Sadiq Khan: Windrush legacy must see end to ‘hostile environment’ for immigrants
London Mayor Sadiq Khan has called on the government to learn from the suffering endured by the Windrush generation and end the “hostile environment” faced by immigrants in the capital.
Ministers should help Londoners by increasing funding to the immigration sector and cutting its “extortionate” fees, Khan said in a statement.
“Many of the Windrush Generation and their families are still struggling to access the advice and support they need, and it is clear that too many Londoners are still being failed by an immigration system that is prohibitively expensive and simply not fit for purpose,” he said.
“I’m proud that our funding is helping Londoners of all backgrounds to get the legal advice and support they need, but the government must end its hostile immigration policies now to ensure these Londoners can secure their future in our city.”
Khan will join community leaders to mark Windrush Day on Monday at a virtual event co-hosted by the Greater London Authority and the Joint Council for the Welfare of Immigrants.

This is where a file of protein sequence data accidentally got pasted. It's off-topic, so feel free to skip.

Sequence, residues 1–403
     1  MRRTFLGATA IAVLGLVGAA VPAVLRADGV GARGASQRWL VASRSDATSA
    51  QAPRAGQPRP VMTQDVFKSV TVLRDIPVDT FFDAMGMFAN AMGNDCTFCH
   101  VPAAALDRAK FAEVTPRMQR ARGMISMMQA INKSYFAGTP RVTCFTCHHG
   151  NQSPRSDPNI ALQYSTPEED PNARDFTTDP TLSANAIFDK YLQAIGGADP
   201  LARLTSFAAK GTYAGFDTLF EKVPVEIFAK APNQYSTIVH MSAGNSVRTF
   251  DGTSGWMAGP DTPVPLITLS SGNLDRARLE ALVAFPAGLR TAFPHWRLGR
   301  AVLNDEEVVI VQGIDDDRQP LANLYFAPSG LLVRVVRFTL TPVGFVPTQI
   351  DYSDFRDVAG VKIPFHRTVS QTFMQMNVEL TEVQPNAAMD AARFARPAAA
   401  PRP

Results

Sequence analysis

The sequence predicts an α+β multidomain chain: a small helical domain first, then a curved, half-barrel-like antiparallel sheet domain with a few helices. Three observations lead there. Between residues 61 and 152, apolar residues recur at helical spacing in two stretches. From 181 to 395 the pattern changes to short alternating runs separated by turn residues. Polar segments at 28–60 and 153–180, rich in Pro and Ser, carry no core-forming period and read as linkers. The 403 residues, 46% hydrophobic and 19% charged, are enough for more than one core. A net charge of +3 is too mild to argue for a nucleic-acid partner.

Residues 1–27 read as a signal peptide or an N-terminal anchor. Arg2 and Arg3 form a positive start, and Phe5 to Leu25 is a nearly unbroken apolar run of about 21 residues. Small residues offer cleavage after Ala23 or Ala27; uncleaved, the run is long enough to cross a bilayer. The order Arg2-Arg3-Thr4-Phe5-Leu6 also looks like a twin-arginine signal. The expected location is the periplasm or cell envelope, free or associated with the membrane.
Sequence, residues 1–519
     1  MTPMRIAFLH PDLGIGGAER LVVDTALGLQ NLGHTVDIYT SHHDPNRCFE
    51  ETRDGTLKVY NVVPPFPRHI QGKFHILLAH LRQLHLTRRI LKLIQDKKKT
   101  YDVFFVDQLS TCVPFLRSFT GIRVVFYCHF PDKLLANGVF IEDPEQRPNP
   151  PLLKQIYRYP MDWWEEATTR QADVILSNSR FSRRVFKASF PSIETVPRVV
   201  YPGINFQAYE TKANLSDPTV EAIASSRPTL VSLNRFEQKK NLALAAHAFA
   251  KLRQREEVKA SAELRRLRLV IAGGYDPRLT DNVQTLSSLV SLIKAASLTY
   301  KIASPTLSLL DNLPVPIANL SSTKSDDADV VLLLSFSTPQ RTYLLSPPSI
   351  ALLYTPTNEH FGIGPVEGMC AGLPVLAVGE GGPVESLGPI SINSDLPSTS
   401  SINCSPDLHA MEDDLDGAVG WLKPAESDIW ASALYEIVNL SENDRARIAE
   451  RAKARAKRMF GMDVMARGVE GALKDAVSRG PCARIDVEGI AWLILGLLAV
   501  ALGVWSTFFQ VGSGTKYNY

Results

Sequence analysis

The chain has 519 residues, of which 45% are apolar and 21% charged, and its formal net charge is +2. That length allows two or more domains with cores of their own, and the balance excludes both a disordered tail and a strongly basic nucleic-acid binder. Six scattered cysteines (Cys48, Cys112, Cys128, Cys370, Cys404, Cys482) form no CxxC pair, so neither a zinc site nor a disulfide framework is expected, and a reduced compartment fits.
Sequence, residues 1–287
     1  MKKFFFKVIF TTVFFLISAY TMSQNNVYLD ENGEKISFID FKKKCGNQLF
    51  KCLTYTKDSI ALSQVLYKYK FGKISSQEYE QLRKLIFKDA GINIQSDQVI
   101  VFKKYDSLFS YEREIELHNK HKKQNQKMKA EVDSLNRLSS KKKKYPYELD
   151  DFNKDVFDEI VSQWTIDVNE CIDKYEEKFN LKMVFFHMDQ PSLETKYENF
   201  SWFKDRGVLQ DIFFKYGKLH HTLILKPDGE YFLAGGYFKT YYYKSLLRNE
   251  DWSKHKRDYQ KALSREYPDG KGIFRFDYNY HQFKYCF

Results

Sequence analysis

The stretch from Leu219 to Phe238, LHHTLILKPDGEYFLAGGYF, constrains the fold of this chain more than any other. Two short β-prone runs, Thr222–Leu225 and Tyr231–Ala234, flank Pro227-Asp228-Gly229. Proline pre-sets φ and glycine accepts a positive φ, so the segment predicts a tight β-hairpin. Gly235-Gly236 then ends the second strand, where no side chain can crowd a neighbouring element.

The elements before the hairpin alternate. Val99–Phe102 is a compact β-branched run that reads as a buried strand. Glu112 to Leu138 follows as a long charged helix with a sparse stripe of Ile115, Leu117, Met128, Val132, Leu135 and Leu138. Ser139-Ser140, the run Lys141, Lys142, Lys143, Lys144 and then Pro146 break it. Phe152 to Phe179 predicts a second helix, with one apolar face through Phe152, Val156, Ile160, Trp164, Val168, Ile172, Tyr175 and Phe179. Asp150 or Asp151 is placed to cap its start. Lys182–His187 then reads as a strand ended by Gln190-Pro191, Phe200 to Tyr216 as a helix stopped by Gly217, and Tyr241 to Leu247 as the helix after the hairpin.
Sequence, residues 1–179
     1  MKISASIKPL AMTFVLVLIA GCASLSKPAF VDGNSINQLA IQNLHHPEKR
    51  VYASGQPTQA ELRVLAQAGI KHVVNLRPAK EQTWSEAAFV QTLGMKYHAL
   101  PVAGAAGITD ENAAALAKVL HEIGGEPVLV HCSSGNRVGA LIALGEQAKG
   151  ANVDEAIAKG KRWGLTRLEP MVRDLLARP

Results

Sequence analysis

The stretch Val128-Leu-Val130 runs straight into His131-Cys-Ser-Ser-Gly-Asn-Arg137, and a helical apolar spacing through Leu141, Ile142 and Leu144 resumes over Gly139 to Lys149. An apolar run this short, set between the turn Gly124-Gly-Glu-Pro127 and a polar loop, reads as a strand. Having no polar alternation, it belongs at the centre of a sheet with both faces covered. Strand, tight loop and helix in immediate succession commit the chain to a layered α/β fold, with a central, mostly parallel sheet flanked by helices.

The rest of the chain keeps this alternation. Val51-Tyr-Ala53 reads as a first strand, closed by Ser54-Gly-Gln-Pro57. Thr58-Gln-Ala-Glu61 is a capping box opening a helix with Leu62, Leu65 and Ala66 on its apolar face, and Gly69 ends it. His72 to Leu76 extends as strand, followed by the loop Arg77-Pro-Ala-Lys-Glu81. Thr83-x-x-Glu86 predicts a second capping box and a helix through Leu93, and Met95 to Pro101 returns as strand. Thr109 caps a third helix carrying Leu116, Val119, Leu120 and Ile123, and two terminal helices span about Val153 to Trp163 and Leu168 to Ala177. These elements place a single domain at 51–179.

The day marks 72 years since the Empire Windrush arrived at Tilbury Docks in Essex, bearing some 500 people from Jamaica.
One of the speakers will be Chrisann Jarrett, founder of migrant charity We Belong, who said she was inspired by the Windrush generation’s “strength”.
“I see them as role models but hate seeing many young Londoners suffer as they did trying to navigate our broken and hostile immigration system,” she said.
The call for action comes after the home secretary announced a new working group had been established to “right the wrongs” suffered by the Windrush generation.
Priti Patel said what was most needed now was action and she will chair the new Windrush Cross-Government Working Group with Bishop Derek Webley as part of the government’s efforts to address the scandal.
The group’s findings will influence the Home Office’s response to a report published in March, which found the department’s “system operational failings” had let down the Windrush generation, meaning some people with a right to live in the UK were wrongfully detained or deported to the Caribbean.
It will also offer practical solutions on how to tackle the challenges disproportionately affecting people from BAME backgrounds and advise on the design and delivery of the Windrush Schemes Community Fund.
It comes days after Windrush campaigners delivered a petition to Downing Street signed by more than 130,000 people calling for action to address failings which led to the scandal.
Figures released last month showed fewer than 5% of claims under the government’s Windrush Compensation Scheme have been paid out, with just 60 people receiving £362,996 in the first year.
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